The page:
early days before 1914, it flourished. The committee was composed of well known businessmen. It had a substantial membership and offered a varied programme.
During the war of 1914, it suffered from neglect of area leadership. The Secretary of the Welsh YMCA District Committee, Mr. Gwilym James, had been called from his excellent work in Wales to direct YMCA activities with H.M. Forces in the London area. In addition, the Secretarial staff of the Welsh YMCA concentrated its energies on similar work in Wales, and Local Associations, bereft of experienced leadership, suffered considerable losses. It was a mistaken policy. Many small Associations failed to survive, two large Associations closed their doors and the Pontypridd Association nearly succumbed.
A special appeal for funds at the opening of the new building greatly reduced' the capital debt, but by 1923 it had increased to £8,500 due to maintenance demands. The trustees, greatly concerned, proposed to sell the property. A resolution to this effect had been prepared and an management
made to call a Welsh National to attend. The introductions, Welsh National
Trustees Meeting to discuss and determine the issue. The new Secretary, appointed only a few weeks earlier, was invited meeting was convened as arranged. After the briefest of the resolution was put to the meeting. The Secretary of the Council made a strong plea that it should be delayed for a
few weeks in order that the Council be given time to consider the situation. The request prompted some uncomplimentary remarks but the Trustees agreed. Within a few days the Secretary for Wales interviewed two of his senior colleagues of the National Council, London, and put forward a request for financial aid to meet the cost of a year's salary for an experienced Secretary at Pontypridd YMCA. This was agreed and the Association at Pontypridd survived to become a very active concern.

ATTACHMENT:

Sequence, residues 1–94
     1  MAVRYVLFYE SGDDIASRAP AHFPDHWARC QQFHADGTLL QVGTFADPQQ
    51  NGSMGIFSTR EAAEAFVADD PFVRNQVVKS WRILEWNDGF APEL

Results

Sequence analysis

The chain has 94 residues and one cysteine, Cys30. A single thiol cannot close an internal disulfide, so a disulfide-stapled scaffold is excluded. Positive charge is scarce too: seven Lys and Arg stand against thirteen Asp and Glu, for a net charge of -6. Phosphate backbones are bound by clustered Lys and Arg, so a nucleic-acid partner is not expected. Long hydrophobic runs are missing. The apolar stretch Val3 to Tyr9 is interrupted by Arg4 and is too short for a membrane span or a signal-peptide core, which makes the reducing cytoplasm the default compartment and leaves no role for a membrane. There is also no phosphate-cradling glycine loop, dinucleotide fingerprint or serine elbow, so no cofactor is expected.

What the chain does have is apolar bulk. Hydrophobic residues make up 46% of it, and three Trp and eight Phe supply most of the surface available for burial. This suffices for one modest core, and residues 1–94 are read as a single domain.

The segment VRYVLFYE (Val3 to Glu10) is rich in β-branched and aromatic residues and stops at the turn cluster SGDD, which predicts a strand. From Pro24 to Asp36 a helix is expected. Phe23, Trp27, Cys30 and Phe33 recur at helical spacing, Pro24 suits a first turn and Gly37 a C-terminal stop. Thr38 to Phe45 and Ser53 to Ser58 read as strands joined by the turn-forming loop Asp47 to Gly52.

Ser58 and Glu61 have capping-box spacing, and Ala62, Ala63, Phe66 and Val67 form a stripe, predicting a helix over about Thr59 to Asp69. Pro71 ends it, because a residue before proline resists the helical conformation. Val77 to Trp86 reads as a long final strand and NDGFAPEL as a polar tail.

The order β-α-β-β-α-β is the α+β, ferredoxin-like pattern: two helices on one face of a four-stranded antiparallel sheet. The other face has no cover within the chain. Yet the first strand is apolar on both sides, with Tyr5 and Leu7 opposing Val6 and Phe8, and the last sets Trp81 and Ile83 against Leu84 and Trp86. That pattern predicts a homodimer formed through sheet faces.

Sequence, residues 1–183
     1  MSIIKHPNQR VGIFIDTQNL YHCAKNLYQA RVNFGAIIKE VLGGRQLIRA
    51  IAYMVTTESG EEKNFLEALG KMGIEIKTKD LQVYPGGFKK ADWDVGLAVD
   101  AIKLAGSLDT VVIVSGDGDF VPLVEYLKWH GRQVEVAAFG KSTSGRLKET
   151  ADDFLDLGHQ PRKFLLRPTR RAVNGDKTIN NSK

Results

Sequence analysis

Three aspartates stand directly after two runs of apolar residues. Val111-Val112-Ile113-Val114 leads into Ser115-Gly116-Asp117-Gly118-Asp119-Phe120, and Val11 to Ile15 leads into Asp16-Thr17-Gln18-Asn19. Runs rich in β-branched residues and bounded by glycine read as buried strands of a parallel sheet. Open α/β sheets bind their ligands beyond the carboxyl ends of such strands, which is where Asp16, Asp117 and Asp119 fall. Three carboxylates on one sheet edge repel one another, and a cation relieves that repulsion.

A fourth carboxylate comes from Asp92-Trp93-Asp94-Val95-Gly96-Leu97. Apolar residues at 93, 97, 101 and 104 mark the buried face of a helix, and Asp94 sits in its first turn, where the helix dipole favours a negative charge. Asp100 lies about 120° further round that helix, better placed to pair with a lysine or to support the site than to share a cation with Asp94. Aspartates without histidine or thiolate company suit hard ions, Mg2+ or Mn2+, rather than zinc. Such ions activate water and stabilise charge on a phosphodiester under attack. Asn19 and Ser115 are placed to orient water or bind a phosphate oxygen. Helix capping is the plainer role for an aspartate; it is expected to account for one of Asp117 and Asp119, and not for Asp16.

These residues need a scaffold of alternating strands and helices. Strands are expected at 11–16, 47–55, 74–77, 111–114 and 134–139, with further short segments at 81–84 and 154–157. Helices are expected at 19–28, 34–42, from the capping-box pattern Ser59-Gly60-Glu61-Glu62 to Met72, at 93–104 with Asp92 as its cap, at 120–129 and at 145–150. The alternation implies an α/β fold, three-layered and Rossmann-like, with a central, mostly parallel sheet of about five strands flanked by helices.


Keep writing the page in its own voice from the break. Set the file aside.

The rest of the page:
That Trustees Meeting had far reaching consequences. Two of the youngest trustees caught the spirit of an inspired renaissance. Cyril Morgan and Tom Jones launched a businessmen's appeal in the town on behalf of the YMCA. In twelve months the debt had been reduced to £4,500. The mood continued. A strong YMCA Women's Auxiliary was formed. Financial efforts became an annual feature and in eight years £2000 had been donated to the Pontypridd Association. An effort in 1936 realised £800., by means of a Christmas Fayre which was opened by H.H. Princess Helena Victoria, the President of the National Women's Auxiliary.
The S. Wales Federation of Boys' Clubs and the Welsh YMCA co-operated in efforts to establish boys' clubs in the industrial valleys of South Wales.
The Federation constructed another floor upon the entire length of flat roof of the extensive Pontypridd Association premises. The new accommodation comprised a gymnasium hall, a chapel, and a variety of rooms suitable for Youth Club activities, at a cost of £3,000 which was donated by the National Fitness Council and other trust funds. The new premises were opened by the Duke of Gloucester.
The Federation allowed the YMCA Boy Members frequent participation in their club activities. Later the two boys groups merged to become the Pontypridd Boys' Club.
A scheme, to establish Educational settlements in towns in South Wales severely affected by unemployment, was sponsored by a small group of well known educationalists and public administrators several years before the